As disciples of Jesus Christ, we are taught to love and accept all of our Father’s children. That includes those around us who have physical, emotional, and mental disabilities. Our goal is to fully extend the blessings of the gospel to everyone. “By this shall all men know that ye are my disciples, if ye have love one to another.” (John 13:35.)
Some of us have disabilities or know family members or friends with disabilities.
Some have impaired hearing or vision; some have mental illness or intellectual impairments; some have learning disabilities or serious behavior problems. Some of our disabilities are visible, because they require such things as wheelchairs or hearing aids. Many more are invisible.
The love and understanding of the Savior included all people in all their circumstances. We can follow his perfect example by increasing our own understanding and acceptance of those whose challenges seem great.
When we do not understand, a person who suffers from depression may seem to lack faith. A person who is hard of hearing may seem unresponsive. A child with a behavior disorder may seem to lack proper discipline.
One mother who has a child with a disability hopes others will understand her child’s abilities, as well as her disabilities. “My child is 90 percent typical and only 10 percent disabled,” she said, “but most people notice only her disabilities.”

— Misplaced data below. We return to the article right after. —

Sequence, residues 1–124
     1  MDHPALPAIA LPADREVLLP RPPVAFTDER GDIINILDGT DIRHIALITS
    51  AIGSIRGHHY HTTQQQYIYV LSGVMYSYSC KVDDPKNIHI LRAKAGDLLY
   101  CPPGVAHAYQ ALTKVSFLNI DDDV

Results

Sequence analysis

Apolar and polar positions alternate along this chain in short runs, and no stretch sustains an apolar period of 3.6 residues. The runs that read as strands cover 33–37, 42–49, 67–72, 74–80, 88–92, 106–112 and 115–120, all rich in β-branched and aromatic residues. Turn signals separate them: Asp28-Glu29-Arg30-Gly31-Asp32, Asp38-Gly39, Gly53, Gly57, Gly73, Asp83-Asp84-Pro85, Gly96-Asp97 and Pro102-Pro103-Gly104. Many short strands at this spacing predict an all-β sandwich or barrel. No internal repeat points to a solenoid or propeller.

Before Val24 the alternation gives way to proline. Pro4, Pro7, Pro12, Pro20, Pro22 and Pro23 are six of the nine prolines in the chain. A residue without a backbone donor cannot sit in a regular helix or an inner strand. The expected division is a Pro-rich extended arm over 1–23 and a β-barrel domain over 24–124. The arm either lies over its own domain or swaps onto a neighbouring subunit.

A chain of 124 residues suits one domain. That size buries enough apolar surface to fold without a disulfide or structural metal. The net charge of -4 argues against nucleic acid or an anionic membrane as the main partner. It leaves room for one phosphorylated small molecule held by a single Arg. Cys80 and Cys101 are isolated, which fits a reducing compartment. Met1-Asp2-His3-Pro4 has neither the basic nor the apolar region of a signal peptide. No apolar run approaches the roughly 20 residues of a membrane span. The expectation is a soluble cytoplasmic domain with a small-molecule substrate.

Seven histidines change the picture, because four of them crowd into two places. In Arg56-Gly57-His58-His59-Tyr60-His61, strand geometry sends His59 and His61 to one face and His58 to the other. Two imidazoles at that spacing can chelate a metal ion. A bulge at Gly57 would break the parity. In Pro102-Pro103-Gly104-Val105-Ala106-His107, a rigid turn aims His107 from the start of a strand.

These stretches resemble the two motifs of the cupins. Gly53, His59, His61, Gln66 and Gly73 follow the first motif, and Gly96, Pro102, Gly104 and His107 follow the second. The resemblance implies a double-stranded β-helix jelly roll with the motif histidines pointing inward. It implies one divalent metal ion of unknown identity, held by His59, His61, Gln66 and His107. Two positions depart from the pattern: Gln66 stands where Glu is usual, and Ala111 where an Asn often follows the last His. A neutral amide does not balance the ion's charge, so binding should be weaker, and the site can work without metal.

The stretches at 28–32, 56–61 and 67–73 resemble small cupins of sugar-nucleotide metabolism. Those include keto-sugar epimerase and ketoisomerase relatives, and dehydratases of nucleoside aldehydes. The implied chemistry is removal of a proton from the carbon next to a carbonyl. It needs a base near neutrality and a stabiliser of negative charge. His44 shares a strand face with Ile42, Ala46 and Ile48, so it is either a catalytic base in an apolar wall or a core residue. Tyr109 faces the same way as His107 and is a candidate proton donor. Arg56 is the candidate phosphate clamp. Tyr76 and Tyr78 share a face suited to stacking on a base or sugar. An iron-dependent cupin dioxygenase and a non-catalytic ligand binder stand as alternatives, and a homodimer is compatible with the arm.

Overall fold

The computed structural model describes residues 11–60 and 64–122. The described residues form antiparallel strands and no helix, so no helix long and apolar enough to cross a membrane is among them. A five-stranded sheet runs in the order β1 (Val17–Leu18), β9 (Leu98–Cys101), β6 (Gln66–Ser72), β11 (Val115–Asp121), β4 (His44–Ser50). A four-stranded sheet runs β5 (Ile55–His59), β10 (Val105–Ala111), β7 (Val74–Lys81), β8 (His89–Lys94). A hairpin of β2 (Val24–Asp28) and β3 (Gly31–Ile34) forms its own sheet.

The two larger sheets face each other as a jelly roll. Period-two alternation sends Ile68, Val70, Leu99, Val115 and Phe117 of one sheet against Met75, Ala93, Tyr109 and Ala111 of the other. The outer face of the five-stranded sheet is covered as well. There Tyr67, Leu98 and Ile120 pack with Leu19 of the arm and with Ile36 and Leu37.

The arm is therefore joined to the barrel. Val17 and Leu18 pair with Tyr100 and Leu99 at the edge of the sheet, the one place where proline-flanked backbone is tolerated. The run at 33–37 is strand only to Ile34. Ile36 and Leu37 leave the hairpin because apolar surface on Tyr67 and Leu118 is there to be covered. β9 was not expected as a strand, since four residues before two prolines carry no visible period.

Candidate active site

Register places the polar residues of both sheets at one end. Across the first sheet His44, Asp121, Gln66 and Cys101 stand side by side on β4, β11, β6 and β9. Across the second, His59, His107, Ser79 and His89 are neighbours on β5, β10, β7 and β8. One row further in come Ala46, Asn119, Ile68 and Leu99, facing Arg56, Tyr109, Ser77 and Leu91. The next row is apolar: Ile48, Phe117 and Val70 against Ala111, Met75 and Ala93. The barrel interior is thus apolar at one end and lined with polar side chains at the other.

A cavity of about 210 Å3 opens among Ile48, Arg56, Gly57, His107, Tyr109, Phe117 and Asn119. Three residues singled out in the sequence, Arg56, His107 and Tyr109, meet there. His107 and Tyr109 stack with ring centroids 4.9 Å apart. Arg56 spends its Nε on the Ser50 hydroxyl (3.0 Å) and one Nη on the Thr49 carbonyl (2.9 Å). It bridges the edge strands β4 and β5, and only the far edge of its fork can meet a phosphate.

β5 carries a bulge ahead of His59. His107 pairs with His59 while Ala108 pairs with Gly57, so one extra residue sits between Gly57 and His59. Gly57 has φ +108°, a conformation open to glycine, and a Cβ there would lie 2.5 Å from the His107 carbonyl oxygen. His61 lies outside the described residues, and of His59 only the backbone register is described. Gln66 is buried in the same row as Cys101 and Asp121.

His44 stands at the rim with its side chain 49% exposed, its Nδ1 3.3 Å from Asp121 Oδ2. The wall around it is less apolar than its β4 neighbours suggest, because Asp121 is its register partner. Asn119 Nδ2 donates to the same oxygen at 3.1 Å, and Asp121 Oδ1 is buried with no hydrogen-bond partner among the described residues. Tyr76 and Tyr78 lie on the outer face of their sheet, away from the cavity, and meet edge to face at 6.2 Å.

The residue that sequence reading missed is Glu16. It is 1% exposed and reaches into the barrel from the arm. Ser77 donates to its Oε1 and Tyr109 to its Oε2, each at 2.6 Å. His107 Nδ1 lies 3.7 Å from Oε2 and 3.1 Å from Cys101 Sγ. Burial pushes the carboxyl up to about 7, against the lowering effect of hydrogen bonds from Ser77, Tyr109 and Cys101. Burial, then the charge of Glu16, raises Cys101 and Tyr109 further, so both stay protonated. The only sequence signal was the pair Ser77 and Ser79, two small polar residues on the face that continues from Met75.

As we follow the Savior’s example of love and compassion to all, those with disabilities will feel accepted. One teenager who is both blind and profoundly deaf feels loved when ward members shake his hand and give him a hug. Another child who is deaf loves to see her bishop, who has learned to greet her by name and say “I love you” in sign language. But a mother sorrows that friends rarely mention her autistic son, who cannot be taken to church. “Most people never mention Brandon because they are afraid I might be hurt if they say the wrong thing. It fortifies me when someone asks me how he is.”
How can you show interest and love for someone you know who has a disability?
If we are sensitive to the Spirit and care for each other, we will discover many ways to help those with disabilities. One young woman with a serious behavior disorder loved having members of her Young Women class send her anonymous kind notes and small gifts. A sister who is blind appreciates members offering her rides to Church activities. A woman recovering from mental illness was pleased when a friend recommended her for part-time employment.
Those who care for others with serious disabilities often have great needs, as well. They may need physical, social, and emotional support. We can offer to stay with a disabled child for a few hours, stay with other children in the family while parents make a hospital visit, or provide rides to a doctor’s office. Including them in ward activities and offering assistance could help alleviate some of the stress they feel.
A mother of a child with a disability says, “My nature is to be optimistic and act as though I am in control. But I have one friend I can be honest with, and I have found it therapeutic to occasionally cry and let out my feelings.”
How could you help a disabled person or his or her family?